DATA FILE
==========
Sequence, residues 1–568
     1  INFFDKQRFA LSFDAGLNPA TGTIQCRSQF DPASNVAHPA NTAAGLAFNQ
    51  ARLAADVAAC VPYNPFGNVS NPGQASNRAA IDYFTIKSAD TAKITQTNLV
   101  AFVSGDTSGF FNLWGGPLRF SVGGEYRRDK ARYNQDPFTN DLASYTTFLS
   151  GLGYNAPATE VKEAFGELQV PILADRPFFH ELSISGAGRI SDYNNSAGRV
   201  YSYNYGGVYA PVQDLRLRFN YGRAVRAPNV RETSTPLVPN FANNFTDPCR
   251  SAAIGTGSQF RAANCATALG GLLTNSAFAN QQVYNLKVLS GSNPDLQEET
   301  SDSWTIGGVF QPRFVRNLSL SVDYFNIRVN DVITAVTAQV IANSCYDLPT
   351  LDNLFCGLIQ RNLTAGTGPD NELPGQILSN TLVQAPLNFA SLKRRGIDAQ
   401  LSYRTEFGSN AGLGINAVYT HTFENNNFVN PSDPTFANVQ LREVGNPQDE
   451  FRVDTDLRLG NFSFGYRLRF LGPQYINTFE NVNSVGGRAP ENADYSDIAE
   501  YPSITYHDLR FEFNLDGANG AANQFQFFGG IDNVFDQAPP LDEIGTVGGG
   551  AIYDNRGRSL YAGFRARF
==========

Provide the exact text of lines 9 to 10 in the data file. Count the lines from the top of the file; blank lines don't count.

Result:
   351  LDNLFCGLIQ RNLTAGTGPD NELPGQILSN TLVQAPLNFA SLKRRGIDAQ
   401  LSYRTEFGSN AGLGINAVYT HTFENNNFVN PSDPTFANVQ LREVGNPQDE